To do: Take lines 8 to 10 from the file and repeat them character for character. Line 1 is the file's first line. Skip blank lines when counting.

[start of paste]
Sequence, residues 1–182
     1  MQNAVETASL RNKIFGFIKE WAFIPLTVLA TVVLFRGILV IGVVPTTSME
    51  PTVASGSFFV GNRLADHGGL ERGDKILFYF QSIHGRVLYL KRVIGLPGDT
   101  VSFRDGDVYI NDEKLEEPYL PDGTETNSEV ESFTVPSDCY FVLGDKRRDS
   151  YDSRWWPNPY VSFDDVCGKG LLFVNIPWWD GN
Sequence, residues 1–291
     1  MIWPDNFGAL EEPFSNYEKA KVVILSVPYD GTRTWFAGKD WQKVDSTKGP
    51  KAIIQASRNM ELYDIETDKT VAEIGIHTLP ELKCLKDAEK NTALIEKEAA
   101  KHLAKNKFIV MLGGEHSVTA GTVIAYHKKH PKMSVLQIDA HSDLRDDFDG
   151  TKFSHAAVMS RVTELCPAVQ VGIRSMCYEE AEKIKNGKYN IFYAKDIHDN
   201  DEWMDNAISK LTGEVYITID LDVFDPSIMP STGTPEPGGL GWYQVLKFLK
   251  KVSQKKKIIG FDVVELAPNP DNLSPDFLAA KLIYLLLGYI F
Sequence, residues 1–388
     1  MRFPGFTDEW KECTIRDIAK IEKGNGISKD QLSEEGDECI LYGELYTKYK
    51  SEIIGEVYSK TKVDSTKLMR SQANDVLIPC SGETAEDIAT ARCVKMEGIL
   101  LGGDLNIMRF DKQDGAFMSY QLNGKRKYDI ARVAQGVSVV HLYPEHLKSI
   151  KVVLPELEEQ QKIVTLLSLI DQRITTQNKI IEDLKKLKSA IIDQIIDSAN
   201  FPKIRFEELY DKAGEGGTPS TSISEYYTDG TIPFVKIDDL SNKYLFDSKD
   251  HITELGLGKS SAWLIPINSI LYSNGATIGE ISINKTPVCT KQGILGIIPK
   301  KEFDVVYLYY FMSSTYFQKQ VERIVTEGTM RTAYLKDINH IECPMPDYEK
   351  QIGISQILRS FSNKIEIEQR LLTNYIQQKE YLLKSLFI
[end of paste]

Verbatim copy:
    51  KAIIQASRNM ELYDIETDKT VAEIGIHTLP ELKCLKDAEK NTALIEKEAA
   101  KHLAKNKFIV MLGGEHSVTA GTVIAYHKKH PKMSVLQIDA HSDLRDDFDG
   151  TKFSHAAVMS RVTELCPAVQ VGIRSMCYEE AEKIKNGKYN IFYAKDIHDN